The prosperity that had reached other sections of our country in advance of its coming to Alabama, had been instrumental in drawing from Alabama large numbers of its laboring population. It has been estimated that there were not less than 150,000 negroes alone who had gone to other sections, in search of a higher wage. Consequently, when prosperity returned, it was realized that there was a great deficiency of labor. This condition, of course, has been increased and accentuated, from time to time, as the draft upon those who have been inducted into the military service, became effective. So there has been many obstacles that have worked to the disadvantage of the State, that were not applicable to other sections, which has prevented the citizenship of Alabama from being on equally as favorable conditions to meet the great demands incident to our entrance into the war. These, however, did not work to prejudice the people of Alabama against a desire to assume their full responsibilities in this crisis, or prevent them from measuring up to the full requirements of loyal Americans.
ALABAMA'S WAR ACTIVITIES
While the European war broke out about the first of August, 1914, and our own country did not become directly involved in this war until April, 1917, the nation really was, to a limited extent, in a condition of warfare for nearly three years. For many years Mexico had been seriously involved with internal troubles. The country had been so completely depleted in resources of food and material opportunities, that property near the western border became subject to the depradations of disorganized bands. Many lives had been lost and much property destroyed and taken away, in the frequent visitations of the lawless bands that infested that section near our western border. For the protection of the border states against the designs of these bandits, the National Guard of Alabama was mobilized for duty at Montgomery on June 18, 1916. The Alabama Guard has been on constant duty since that time from the day that it was brought together through the proclamation of the President., it had been kept in training at the mobilization camps, near the capitol of the State until the following October, when it was ordered to the western border. It remained on duty in Arizona and Texas until March, 1917, at which time it was entrained for its return to Alabama. A short while after the mobilization order for the National Guard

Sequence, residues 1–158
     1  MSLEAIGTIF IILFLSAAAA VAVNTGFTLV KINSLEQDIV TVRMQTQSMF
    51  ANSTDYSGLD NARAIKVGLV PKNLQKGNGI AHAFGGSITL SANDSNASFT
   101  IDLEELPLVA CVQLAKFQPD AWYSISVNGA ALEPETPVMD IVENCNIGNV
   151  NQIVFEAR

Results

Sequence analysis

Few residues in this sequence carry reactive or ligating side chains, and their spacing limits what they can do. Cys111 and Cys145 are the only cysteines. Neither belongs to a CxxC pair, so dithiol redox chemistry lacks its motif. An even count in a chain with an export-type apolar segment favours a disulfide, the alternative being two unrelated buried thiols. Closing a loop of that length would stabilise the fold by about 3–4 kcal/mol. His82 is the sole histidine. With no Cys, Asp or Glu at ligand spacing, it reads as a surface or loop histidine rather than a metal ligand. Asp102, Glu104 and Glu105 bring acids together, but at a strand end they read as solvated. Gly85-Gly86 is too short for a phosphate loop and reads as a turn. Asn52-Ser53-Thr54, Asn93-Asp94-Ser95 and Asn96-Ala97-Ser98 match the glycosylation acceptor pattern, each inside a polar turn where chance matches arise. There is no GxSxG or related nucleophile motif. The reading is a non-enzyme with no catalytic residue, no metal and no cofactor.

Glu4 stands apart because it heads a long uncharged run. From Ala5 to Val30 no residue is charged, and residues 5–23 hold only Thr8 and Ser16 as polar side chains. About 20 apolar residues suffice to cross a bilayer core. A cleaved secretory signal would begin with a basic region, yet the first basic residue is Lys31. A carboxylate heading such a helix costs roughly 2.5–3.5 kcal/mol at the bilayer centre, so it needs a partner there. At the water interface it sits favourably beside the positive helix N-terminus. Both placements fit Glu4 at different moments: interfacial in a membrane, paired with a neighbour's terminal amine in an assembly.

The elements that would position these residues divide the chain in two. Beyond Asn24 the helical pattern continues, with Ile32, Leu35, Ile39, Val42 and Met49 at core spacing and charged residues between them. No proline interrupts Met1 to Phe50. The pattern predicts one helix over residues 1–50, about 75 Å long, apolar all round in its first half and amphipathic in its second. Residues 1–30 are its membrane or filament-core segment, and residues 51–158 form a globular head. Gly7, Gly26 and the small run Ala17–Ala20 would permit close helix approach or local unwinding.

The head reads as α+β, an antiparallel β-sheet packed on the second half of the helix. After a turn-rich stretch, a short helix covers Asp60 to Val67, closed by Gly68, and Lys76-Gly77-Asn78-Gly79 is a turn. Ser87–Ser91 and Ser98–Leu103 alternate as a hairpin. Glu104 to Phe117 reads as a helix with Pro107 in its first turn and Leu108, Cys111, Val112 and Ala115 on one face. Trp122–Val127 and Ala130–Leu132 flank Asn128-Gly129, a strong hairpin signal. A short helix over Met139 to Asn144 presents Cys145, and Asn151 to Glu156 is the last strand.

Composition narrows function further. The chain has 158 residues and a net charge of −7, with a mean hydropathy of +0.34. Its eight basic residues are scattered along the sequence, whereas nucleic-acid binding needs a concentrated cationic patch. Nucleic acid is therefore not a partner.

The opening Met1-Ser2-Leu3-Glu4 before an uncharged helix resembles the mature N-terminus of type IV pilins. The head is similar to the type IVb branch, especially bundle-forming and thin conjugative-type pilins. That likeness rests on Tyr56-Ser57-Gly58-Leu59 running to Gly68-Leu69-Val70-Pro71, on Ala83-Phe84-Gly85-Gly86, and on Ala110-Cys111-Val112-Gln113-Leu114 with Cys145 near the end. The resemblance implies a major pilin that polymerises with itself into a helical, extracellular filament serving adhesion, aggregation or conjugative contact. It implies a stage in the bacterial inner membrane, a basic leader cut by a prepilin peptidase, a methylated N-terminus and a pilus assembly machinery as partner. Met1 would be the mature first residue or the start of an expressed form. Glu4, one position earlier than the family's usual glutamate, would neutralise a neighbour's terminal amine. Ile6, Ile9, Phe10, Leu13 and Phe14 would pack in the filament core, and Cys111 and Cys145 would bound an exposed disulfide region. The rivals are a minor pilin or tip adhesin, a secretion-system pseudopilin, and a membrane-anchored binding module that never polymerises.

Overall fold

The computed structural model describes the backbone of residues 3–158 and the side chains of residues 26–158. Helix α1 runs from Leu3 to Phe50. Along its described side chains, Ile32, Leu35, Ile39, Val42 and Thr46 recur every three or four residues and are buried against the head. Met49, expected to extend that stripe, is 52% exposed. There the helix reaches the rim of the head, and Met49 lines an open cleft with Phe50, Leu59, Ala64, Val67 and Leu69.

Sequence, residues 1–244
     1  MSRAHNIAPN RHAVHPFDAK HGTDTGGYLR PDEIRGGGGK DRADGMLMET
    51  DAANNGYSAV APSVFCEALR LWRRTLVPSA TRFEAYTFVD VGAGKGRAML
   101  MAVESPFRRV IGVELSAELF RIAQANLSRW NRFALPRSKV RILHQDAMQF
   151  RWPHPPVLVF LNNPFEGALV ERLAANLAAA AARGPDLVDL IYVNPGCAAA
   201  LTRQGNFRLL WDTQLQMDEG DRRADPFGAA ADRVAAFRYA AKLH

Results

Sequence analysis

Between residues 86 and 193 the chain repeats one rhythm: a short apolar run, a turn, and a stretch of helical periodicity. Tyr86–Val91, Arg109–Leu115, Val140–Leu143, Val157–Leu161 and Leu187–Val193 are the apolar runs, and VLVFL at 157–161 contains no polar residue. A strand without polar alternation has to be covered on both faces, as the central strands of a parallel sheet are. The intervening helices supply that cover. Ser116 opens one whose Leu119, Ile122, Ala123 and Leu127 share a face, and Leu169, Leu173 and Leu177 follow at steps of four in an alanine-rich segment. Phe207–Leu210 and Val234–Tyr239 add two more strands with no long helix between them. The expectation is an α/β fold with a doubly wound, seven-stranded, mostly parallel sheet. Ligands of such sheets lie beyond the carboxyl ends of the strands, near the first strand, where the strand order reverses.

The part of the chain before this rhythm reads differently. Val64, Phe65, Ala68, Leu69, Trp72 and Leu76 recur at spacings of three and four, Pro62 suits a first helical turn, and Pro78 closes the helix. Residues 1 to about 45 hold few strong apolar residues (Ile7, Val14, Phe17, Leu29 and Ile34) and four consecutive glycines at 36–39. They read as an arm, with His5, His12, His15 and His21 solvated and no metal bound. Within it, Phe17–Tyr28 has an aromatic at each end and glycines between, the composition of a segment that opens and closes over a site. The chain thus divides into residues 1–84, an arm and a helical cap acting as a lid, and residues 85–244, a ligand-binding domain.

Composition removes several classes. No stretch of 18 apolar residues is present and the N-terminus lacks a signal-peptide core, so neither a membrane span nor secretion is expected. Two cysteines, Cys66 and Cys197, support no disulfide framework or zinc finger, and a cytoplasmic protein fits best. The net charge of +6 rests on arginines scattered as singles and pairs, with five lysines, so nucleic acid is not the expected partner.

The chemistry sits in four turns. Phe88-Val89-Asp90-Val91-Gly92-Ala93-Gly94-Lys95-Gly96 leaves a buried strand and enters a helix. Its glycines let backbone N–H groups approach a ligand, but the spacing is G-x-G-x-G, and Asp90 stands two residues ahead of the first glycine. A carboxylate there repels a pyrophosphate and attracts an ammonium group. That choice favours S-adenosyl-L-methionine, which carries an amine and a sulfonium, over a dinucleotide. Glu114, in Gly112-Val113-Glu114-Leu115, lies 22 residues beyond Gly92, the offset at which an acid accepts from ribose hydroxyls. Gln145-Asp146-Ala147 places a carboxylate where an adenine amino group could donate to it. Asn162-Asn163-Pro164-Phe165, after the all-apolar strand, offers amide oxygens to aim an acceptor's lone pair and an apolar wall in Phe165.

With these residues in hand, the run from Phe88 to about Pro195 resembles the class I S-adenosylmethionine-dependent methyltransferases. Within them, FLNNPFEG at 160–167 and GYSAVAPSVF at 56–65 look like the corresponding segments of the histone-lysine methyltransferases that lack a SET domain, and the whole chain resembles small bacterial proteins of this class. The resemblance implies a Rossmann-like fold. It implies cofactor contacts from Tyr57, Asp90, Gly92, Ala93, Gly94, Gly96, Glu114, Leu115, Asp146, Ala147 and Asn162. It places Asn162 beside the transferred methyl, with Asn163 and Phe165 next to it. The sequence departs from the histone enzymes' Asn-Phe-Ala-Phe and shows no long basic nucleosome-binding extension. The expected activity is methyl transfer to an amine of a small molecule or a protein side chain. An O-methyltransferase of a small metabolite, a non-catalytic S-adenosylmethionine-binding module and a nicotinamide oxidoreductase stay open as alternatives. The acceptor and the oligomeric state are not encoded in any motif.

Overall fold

in Montgomery was issued, an additional unit, a full regiment of cavalry, was organized and its services were tendered to the National Government. It was accepted and was duly mustered into service. After some months of training it was sent to Camp Houston on the Texas border. The National Guard of Alabama, then in the service of the National Government, was composed of about 6,000 officers and men. On its return to Alabama and before demobilization orders were put into effect, conditions with the German government had become serious. The break in diplomatic relations was soon followed with a declaration by Congress, that a state of war existed. In consequence of the above, the State militia has been continuously in service from June, 1916, until the present time.
The Alabama National Guard was divided after recruiting and training for some months at Vandiver Park, which is now within the limits of Camp Sheridan. One regiment, the fourth, was placed in the Rainbow Division which was soon embarked for France and were among the first American troops to become engaged in actual warfare. The remainder of the Alabama brigade were transferred to Camp Wheeler. While stationed there the camp suffered from a severe epidemic of pneumonia. A similar scourge passed through the camp of the Alabama National Guard while on the western border. The disease in both instances was of a severe type and many lives were lost. Personal visits were made to both camps while the epidemic was at its worst, and assurance was given that Alabama soldiers were made of the right material and that when opportunity came for them to measure swords with a visible foe, they would render a good account of themselves. This assurance has been vindicated to the utmost degree, not only as it relates to the National Guard, but to the personnel of the Alabama men in general who were a part of the National Army.
The Selective Service Draft Act was passed by Congress and became a law on May 18, 1917. The registration boards were formed through orders issued by the Executive of the State and the first registration day was had on June 5, 1917. This embraced all men of ages from 21 to 31 years, inclusive. After this, commenced the work of selecting those of the registrants who were physically fit and who could best be spared from their accustomed vocations, to serve their country in the military service. These were rapidly inducted into the training camps and when the supply from this registration approached exhaustion, under an amended act, those who had reached the age of 21 years since June 5, 1917, were called upon to register on June 5, 1918. The combined number of registrants under the calls were 200,775, of which 122,995 were whites and 77,780 were negroes. Under an amended act, those from 18 to 21, and from 31 to 46, were registered on September 12, 1918. This registration was made up of